An Employee Stock Purchase Plan (ESPP) can provide a lucrative way to accrue extra savings, acquire stock at a discount, and participate in your company’s growth as a shareholder. This article will explain key dates, procedures, and how to make the most of your ESPP.
How to Enroll in an ESPP
If your company offers an ESPP, there will be a specific enrollment period, similar to benefit options like health insurance or dental coverage. During this period, you can decide to allocate a portion of your salary to purchase your company’s stock. Once the enrollment period ends, the offering period begins, which usually lasts for six months. It is during this period that you will notice deductions from your paycheck for the ESPP.
ESPP Stock Purchase Mechanics
The money deducted from each paycheck during the offering period goes into a company escrow account. These contributions accumulate and are used to purchase company stock on the Purchase Date. Your employer buys the stock at a discount of up to 15%. The shares are then deposited into an account under your name, where you can manage them as you see fit.
How to Profit from an ESPP
The main avenues for ESPP profitability lie in the purchase of discounted company stock and the lookback provision. Many companies include a lookback provision in their ESPPs, allowing the purchase price of the discounted stock to be the lower of the stock price on the offering date or purchase date. If your company’s stock price surges between these dates, combined with the 15% discount, your returns could be significant.
ESPP In Practice: A Case Study
To better comprehend how an ESPP operates, let’s take an example:
Danielle works at XYZ Co. She earns a base salary of $150,000. During the ESPP enrollment period, Danielle decides to dedicate 5% of her salary to the plan. XYZ’s offering period lasts for six months, during which the company buys stock at a 15% discount. Let’s recap:
- Base Salary: $150,000
- ESPP Contribution: 5% of her annual salary
- Stock Discount: 15%
Let’s assume that when the offering period started, XYZ’s stock was valued at $20 per share. Six months later, on the Purchase Date, the stock value has risen to $30 per share.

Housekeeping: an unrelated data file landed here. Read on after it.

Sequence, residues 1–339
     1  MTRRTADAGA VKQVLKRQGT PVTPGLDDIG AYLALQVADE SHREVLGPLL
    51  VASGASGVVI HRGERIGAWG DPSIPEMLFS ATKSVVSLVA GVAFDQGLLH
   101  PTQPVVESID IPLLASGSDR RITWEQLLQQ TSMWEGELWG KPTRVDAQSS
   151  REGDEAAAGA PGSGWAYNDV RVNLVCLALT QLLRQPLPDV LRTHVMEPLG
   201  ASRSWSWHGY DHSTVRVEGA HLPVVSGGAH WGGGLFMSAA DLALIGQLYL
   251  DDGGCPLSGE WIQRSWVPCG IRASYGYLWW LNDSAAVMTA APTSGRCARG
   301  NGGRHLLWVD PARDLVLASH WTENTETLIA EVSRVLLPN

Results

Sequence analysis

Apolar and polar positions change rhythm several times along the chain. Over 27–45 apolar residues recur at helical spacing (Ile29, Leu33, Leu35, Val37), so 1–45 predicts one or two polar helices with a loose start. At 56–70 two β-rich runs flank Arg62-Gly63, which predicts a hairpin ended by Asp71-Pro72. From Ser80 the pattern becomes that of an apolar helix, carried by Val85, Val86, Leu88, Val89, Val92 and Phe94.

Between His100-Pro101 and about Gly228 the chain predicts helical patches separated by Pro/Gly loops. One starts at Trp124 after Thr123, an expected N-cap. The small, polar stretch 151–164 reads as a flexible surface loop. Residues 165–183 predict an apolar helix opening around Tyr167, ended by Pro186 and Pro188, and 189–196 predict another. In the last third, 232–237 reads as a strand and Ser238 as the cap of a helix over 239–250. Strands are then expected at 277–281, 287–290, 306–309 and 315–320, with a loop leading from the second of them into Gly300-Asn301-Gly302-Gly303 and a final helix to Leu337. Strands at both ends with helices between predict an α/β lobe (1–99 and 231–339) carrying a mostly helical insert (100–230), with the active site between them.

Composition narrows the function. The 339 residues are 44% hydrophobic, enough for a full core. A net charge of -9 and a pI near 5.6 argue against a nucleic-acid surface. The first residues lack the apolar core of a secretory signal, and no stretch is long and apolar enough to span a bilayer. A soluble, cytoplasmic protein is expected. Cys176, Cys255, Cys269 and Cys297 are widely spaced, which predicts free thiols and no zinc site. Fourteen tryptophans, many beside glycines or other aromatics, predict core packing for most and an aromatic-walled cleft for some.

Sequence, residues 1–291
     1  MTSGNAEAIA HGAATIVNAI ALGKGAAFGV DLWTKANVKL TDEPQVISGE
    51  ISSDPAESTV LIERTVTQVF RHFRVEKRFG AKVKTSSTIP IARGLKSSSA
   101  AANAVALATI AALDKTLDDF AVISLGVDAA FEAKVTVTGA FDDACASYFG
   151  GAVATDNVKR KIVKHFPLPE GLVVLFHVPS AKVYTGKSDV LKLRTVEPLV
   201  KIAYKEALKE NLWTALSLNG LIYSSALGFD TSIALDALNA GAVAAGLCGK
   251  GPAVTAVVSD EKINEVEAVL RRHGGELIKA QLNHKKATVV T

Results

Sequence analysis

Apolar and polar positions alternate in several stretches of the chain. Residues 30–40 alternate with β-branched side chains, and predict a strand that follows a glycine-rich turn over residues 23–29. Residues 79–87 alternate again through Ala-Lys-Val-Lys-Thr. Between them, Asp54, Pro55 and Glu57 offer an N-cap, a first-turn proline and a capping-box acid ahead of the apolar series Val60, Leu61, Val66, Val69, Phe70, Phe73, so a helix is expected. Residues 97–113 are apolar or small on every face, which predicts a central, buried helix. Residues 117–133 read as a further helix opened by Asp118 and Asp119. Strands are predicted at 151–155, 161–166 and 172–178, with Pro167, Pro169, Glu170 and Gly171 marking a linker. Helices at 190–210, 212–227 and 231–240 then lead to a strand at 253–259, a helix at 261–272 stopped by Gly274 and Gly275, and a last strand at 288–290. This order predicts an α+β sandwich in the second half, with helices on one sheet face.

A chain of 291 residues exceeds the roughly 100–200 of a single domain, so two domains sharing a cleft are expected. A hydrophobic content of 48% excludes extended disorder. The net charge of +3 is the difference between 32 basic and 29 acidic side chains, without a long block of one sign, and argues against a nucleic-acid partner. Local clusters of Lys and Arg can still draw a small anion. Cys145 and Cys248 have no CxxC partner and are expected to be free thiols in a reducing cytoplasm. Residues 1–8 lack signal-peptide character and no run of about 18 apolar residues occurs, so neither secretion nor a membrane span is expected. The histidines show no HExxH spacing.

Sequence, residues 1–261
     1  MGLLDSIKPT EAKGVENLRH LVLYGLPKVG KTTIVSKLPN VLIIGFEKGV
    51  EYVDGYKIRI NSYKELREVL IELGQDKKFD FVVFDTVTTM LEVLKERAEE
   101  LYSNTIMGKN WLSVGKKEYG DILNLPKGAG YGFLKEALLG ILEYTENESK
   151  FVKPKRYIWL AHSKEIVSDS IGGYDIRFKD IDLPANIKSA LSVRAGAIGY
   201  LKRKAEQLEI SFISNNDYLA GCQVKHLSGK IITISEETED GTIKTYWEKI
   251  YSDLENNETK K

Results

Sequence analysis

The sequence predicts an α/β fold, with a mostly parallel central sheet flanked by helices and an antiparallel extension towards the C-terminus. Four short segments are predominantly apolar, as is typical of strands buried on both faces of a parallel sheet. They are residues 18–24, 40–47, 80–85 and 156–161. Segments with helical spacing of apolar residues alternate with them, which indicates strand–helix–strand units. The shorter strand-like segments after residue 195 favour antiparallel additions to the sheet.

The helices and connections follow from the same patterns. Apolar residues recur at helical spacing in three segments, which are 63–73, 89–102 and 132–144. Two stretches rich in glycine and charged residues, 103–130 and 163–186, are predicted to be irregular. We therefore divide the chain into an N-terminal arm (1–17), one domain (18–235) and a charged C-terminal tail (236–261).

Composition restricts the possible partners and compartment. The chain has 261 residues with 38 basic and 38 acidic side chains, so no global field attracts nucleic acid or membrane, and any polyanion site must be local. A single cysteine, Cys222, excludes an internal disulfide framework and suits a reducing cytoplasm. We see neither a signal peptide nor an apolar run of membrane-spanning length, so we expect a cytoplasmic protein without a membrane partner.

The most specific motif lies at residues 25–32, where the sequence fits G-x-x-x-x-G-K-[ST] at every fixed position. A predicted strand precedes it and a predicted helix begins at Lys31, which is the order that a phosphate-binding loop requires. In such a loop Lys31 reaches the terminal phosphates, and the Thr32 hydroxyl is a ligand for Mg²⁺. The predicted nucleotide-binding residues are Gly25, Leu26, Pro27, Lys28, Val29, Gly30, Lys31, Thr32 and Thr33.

- Stock is purchased based on the lower price at the beginning of the offering period, which is $20 per share
- Applying the 15% discount, each share is purchased at $17
- Danielle’s ESPP contribution for the 6-month period is $3,750 (5% of her annual salary prorated for 6 months)
- She thus acquires approximately 220 shares at $17 each.
If XYZ is currently trading at $30 per share, Danielle could immediately sell her shares for a total of $6,600 (220 x $30). Subtracting her initial investment of $3,750, Danielle has made a profit of $2,850. This gain will be taxed as ordinary income if she sells immediately.
Risks and Conclusion
As demonstrated by Danielle’s case, an ESPP can be an excellent benefit if your company provides one. However, there are complexities involved, especially with taxation and the potential for incorrect cost basis reporting on personal tax returns. Additionally, company risk is another factor to consider, as poor stock performance can pose a financial vulnerability, especially if company stock forms a large part of your net worth. For expert guidance on maximizing your ESPP benefits, please feel free to contact us.
The information provided in this article is general information. It is not intended to be construed as investment, tax, or legal advice. This is not an offer or solicitation to buy, sell, or endorse any company, security, fund, or other investment vehicle. Investing involves risks including possible loss of principal. Past performance is no guarantee of future results and the opinions presented cannot be viewed as an indicator of future performance. Opinions are subject to change without notice.